South Africa is a natural paradise, with its spectacular coastline, soaring mountains, vast plains, enormous variety of plants, and wide range of exotic wildlife. It is also blessed with rich mineral resources including diamonds, platinum, gold, manganese, and chromium.
Game preserves throughout the country allow visitors to observe lions, elephants, leopards, and other animals in their habitats - an unforgettable experience.
The South Africans are governed under a provisional constitution with a president, a bicameral National Parliament including a 400-member National Assembly elected by popular vote, and a 90-member Senate chosen by the nine regional parliaments.
As a result of the end of apartheid - a movement which officially separated the racial communities, by institutionalizing white supremacy - South Africans and their government are faced with the huge challenges required to improve the lives of non-white citizens. Unfortunately, benefits have not trickled down to the working man, even a decade later.
The country remains dramatically divided by race, with whites enjoying a comfortable level of wealth, education, and health care, while most blacks live in conditions of poverty. Increasing crime in the major cities is a source of great concern.
Despite these difficulties, South Africa's economy continues to be one of the strongest in Africa, at one point accounting for 75 percent of the GDP of the South African region. The peaceful transition of power in democratically held elections has brought South Africa back into the world economy. Sanctions were lifted in the early 1990s, and investors have since returned.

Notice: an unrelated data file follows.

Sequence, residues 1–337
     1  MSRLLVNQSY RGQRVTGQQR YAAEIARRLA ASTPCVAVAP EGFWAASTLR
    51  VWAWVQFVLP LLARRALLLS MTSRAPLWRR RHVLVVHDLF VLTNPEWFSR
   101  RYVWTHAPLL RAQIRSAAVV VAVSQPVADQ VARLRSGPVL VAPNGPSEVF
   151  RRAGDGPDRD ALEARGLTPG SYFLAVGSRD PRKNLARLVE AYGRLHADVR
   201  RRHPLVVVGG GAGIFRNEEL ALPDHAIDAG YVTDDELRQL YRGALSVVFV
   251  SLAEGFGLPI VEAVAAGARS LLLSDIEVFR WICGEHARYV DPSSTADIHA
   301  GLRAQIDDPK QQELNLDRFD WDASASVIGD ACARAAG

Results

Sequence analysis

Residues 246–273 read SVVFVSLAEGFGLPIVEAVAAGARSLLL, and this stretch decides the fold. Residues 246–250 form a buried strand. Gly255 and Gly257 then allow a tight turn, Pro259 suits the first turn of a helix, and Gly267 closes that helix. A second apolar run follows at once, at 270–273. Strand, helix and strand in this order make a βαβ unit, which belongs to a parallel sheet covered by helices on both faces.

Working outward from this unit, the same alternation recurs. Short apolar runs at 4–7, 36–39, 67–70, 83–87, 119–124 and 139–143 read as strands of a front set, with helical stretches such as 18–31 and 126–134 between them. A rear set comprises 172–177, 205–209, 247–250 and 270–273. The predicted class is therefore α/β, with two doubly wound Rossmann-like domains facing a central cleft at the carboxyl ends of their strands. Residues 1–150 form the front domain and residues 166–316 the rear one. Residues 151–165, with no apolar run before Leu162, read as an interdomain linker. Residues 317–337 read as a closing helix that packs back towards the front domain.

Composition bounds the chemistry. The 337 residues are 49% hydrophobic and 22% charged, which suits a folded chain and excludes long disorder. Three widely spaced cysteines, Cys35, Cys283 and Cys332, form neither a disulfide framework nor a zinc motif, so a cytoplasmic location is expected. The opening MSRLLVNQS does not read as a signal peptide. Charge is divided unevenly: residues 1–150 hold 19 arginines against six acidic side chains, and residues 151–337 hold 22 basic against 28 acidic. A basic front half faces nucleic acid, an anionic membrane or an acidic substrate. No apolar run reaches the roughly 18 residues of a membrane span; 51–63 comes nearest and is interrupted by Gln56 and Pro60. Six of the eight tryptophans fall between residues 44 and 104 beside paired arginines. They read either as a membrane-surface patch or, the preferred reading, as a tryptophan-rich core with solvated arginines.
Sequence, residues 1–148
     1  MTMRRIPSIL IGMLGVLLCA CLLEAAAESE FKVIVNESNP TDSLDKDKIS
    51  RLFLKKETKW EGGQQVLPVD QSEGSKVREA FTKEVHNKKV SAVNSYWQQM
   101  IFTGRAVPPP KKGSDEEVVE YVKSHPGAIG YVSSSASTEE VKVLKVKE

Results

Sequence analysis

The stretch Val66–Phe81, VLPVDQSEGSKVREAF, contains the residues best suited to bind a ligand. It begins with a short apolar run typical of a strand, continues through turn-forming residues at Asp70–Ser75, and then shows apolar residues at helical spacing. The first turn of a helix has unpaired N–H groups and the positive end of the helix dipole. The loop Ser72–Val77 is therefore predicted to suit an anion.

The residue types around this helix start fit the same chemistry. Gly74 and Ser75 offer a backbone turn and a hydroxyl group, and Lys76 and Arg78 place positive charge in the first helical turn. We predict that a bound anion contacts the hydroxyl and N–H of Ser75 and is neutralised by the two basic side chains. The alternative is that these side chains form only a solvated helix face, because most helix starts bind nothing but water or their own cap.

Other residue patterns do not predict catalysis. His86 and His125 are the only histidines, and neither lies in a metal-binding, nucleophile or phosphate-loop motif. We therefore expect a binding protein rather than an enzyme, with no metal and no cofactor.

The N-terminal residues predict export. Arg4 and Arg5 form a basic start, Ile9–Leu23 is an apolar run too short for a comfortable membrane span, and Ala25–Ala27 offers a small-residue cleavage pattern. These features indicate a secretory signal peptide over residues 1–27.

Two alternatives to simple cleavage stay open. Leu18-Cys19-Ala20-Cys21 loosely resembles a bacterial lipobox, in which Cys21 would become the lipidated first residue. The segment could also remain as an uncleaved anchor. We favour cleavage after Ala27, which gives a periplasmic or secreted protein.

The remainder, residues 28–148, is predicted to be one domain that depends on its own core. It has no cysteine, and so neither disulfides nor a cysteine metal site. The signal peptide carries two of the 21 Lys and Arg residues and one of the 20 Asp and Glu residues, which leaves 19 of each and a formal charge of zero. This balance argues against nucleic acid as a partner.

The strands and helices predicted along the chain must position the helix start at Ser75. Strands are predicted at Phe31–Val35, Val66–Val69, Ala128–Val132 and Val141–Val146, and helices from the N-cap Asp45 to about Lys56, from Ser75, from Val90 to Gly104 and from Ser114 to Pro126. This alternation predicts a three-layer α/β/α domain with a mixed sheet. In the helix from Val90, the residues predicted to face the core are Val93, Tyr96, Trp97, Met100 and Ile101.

The country's per capita income ranks it among the middle-income, semi-industrial countries of the world. Its infrastructure is well developed - roads are in good condition, electricity rates are low, and there is clean water in the cities.
Difficult problems from the apartheid era still remain, including high unemployment, poverty, and corruption. These problems have been exacerbated by an influx of refugees from the rapidly worsening political and economic situation in neighboring Zimbabwe. In addition, the government's policy of easing restrictive labor laws and accelerating privatization of industry have met with strong opposition from organized labor. The widespread infection of AIDS - one in five South Africans is HIV positive - is also a major concern.
The fact that South Africa has been able to make the transition from apartheid to a democratic government and from a white minority rule to a black majority rule without tremendous upheaval and violence is astonishing and encouraging. Expatriates will find a general feeling of optimism among the people, who have confidence in the future of South Africa.